Time flies! Another tax year began in April, with new National Minimum Wage rates and new minimum pension contributions.
What’s the minimum wage?
The hourly minimum wage rates from 1 April 2019 are below. You must be at least school leaving age to qualify for them.
- 25 and over: £8.21 (up from £7.83)
- 21 to 24: £7.70 (up from £7.38)
- 18 to 20: £6.15 (up from £5.90)
- Under 18: £4.35 (up from £4.20)
- Apprentice: £3.90 (up from £3.70)
The apprentice rate is for apprentices aged 16 to 18, and apprentices aged 19 or over who are in the first year of their apprenticeship. All other apprentices are entitled to the National Minimum Wage for their age.
Internships and work experience
The rules regarding the minimum wage for interns and people on work experience vary depending on the situation. If you’re thinking of employing someone on this basis, it’s best to check out HMRC’s guide on the minimum wage for work experience and internships.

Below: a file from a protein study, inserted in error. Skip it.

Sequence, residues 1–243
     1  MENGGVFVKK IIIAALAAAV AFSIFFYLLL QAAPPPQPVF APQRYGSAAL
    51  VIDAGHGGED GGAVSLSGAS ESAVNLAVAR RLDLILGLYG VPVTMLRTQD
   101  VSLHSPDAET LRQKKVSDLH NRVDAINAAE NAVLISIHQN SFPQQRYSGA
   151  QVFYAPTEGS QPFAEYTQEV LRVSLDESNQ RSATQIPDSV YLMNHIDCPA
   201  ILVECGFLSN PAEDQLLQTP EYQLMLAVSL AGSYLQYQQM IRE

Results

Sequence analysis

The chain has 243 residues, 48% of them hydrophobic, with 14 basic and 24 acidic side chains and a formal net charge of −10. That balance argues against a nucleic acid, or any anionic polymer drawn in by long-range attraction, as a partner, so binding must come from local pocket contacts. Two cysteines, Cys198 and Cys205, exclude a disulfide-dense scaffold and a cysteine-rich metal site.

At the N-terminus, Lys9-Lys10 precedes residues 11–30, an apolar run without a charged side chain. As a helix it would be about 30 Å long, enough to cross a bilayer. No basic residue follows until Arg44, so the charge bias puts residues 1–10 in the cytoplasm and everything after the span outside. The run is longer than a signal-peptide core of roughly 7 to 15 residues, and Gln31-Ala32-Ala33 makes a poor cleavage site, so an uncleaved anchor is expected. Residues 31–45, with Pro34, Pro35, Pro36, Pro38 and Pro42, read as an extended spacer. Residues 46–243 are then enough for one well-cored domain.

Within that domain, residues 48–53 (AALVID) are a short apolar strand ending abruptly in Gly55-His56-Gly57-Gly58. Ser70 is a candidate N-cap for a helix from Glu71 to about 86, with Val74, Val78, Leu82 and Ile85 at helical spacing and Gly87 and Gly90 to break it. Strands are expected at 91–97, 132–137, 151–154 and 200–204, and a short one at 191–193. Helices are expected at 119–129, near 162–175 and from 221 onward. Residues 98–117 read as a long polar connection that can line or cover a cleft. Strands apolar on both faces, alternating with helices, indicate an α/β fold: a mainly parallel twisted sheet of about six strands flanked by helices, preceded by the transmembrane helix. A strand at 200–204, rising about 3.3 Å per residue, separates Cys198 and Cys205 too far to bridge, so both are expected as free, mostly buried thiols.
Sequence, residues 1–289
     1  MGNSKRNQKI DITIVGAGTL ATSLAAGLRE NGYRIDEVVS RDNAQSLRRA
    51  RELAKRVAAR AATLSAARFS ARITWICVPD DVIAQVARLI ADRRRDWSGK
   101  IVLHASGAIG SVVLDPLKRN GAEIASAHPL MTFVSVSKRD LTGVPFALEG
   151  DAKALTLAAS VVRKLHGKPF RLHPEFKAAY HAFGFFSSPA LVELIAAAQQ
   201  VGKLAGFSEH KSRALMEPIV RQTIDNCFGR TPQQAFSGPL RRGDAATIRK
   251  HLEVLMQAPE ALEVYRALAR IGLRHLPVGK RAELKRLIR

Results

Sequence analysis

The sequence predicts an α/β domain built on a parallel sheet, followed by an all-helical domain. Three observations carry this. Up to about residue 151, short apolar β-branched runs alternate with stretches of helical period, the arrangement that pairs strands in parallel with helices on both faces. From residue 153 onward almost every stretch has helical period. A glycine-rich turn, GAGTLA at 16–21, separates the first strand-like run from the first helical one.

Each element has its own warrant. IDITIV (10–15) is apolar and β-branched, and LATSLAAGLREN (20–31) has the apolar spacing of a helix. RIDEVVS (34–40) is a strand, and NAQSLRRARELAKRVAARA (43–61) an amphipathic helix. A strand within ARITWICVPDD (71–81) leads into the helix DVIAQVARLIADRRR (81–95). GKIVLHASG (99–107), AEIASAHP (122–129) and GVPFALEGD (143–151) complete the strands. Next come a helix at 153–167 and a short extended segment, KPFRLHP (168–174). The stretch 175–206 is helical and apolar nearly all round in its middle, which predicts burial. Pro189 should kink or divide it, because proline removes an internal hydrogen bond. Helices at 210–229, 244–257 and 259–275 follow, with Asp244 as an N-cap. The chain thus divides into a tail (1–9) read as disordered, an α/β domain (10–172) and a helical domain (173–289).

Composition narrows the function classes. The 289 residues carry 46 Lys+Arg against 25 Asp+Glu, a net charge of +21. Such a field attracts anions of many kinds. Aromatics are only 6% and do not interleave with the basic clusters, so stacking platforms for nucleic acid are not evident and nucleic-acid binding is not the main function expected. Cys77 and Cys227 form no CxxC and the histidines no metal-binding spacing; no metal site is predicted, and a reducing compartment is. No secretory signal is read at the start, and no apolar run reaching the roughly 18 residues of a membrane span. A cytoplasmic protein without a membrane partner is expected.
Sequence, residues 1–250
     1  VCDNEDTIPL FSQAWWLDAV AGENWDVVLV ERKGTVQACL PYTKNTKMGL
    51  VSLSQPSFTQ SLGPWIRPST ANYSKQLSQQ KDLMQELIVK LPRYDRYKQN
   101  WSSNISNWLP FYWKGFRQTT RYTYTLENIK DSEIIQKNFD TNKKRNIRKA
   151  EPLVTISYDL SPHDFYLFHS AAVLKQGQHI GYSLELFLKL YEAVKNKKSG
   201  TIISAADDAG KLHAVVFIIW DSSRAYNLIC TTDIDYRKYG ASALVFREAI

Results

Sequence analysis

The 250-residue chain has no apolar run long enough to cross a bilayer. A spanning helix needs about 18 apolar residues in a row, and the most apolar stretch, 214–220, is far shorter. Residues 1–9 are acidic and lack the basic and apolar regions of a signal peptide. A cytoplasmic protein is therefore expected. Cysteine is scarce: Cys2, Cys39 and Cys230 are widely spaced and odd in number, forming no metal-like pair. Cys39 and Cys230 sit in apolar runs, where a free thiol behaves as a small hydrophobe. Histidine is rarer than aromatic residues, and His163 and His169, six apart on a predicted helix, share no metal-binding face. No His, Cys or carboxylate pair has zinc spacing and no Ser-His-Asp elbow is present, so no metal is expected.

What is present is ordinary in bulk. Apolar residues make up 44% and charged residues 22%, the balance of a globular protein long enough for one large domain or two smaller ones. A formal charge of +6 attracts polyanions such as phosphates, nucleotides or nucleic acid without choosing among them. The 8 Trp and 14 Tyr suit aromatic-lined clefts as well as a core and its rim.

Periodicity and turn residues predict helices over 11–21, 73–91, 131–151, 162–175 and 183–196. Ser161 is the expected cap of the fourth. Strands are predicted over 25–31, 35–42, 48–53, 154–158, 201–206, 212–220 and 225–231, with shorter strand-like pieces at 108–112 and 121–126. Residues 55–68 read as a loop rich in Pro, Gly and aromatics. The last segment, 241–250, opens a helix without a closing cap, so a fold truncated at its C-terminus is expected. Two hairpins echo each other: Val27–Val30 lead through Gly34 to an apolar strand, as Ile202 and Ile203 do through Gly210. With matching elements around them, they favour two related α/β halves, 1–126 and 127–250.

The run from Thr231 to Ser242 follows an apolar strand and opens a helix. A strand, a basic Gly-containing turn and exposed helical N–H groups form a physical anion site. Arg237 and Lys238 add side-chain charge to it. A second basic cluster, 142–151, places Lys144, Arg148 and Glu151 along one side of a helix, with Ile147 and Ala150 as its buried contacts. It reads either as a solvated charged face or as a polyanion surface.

What are the minimum pension contribution rates?
From the start of the new tax year (6 April 2019), the minimum pension contribution rates increase to 3% of qualifying earnings for the employer and 5% for the employee. (In the previous tax year they were 2% for the employer and 3% for the employee.)
Qualifying earnings are an employee’s gross pay between £118 per week and £962 per week. For an employee who’s paid monthly, it’s their gross monthly pay between £512 and £4,167.
An employee earns £300 per week.
Her qualifying earnings are £182 (£300 – £118).
Min contribution from the employee: £9.10 per week (5% of £182).
Min contribution from the employer: £5.46 per week (3% of £182).
Total minimum contribution: £14.56 per week (£9.10 + £5.46).
NB The new tax year starts on 6 April, but if you pay your employees monthly you should use the new pension rates for the whole month of April.
If you have any questions about pension rates or the minimum wage, you know where to find us!